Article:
1 whole boudin blanc; 30g butter; 1.5 litres water; 750ml milk; 1 carrot, diced; 1 onion, diced; 1 leek, finely sliced; 1 stalk celery, finely sliced; salt and pepper; 2 dessert apples (Cox’s are good, as are Pink Lady); unsalted butter, melted; caster sugar for dipping the apple slices
Bring the water and milk to the boil in a large pot, along with the vegetables, some salt and pepper. Turn the water down to simmer, and add the sausage. Cover the pot and poach for about 30 minutes. Do not let it boil or the sausage will burst. Take off the heat and leave the sausage in the liquid overnight to cool. When you are ready to serve, drain the sausage, heat the 30g butter in a large skillet or frying pan and fry the sausage over a medium heat for about 5-10 minutes, until it is hot throughout.
Peel, core and slice the apples into rounds. Dip each one in the melted butter, dip into the sugar and shake off the excess. Grill under quite a high heat for a few minutes each side until they turn golden brown. Serve with the sausage.
Wine suggestion: Sauvignon Blanc
Strawberry Cream (serves 4)
‘This is from Elizabeth David who says, “This is the most exquisite cream which can be made with raspberries, or most beautiful of all, fraises du bois. This recipe comes from a dictionary of French cooking of the period of the Second Empire”. I think it is simply perfect.’
275g strawberries; 275ml double cream; 1 egg white; 3 tbs caster sugar
Reserve half a dozen strawberries. Hull the rest and sieve them to a pulp. Whisk the double cream and fold in the stiffly whisked egg white, then the strawberry pulp. Add the caster sugar. Stir in the remaining strawberries (I like to chop them up slightly first). Elizabeth David says, ‘Serve piled high into a shallow bowl’, but I put it straight into 4 wine glasses to serve.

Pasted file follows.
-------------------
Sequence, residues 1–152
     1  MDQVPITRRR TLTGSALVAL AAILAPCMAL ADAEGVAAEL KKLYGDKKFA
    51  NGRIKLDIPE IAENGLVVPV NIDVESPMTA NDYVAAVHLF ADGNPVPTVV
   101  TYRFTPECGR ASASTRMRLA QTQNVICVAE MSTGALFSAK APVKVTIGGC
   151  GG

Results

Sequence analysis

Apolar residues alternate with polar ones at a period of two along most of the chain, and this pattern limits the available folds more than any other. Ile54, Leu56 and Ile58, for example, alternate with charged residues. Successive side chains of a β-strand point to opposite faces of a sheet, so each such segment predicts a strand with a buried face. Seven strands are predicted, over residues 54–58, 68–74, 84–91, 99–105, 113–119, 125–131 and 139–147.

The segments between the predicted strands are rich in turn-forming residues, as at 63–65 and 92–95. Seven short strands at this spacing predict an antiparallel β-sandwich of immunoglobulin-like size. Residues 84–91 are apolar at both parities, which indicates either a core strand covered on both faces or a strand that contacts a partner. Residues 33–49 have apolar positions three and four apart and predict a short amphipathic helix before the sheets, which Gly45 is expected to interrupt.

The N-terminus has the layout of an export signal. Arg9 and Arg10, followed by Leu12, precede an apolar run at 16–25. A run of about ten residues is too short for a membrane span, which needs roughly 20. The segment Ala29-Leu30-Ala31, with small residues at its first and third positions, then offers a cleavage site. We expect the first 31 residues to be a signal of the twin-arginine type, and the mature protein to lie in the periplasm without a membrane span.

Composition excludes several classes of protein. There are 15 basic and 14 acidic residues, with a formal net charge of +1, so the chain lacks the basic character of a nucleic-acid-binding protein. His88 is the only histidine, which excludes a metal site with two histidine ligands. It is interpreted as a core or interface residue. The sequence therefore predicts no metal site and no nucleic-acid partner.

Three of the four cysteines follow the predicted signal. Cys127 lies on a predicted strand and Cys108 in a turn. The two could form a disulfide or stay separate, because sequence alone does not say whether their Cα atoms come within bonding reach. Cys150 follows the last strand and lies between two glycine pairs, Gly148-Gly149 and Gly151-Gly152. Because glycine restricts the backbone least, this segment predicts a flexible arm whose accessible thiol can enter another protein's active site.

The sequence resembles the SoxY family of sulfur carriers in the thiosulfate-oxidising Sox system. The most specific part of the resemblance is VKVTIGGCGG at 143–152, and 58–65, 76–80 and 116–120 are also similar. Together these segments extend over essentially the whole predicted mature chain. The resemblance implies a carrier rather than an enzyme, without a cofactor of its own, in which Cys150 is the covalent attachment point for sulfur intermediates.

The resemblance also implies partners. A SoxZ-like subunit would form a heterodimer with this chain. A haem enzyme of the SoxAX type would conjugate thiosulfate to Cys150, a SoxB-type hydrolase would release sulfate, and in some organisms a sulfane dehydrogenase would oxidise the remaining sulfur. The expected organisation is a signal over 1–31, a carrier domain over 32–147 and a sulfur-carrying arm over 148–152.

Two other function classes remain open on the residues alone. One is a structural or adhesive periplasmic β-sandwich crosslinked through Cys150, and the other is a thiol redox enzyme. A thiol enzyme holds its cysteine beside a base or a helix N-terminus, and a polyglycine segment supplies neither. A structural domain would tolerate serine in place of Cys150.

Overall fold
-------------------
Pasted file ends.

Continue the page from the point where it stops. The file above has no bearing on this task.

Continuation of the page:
Wine suggestion: Sauternes or Muscat de Beaumes-de-Venise
Half a lightly cured ham, about 2.5kg
1 calf’s or pig’s foot, split
250g veal bones
1 whole boudin blanc
1 small head celery
3 shallots, very finely chopped
salt and pepper
2 dessert apples (Cox’s, Pink Lady)
1 small pack caster sugar
1 pack unsalted butter
275ml double cream
Chablis or Aligote
Sauternes or Muscat de Beaumes-de-Venise
Executive Relief: The rules
If you love good food and entertaining, but have better things to do than pore over recipe books, make lists, and then spend half a day in the kitchen with cooker, children, and smoke alarm competing for your attention, then you might be in need of Executive Relief.
Executive Relief features dinner party menus, with simple recipes designed to take minimal time and effort – while reaching the standard you would expect from a good restaurant.
You are invited to share your dinner menus with spiked readers. The recipes do not have to be original – they just have to be good. The best, as judged by my dinner guests, will get a bottle of champagne. Simply follow the rules below, and send your recipes to: firstname.lastname@example.org.
1) There should be at least three courses, only one of which needs to be cooked on the day of the dinner.
2) It should not be too fiddly or difficult – nothing that requires balloons, spun sugar or blowtorches.
3) You should suggest a wine for each course.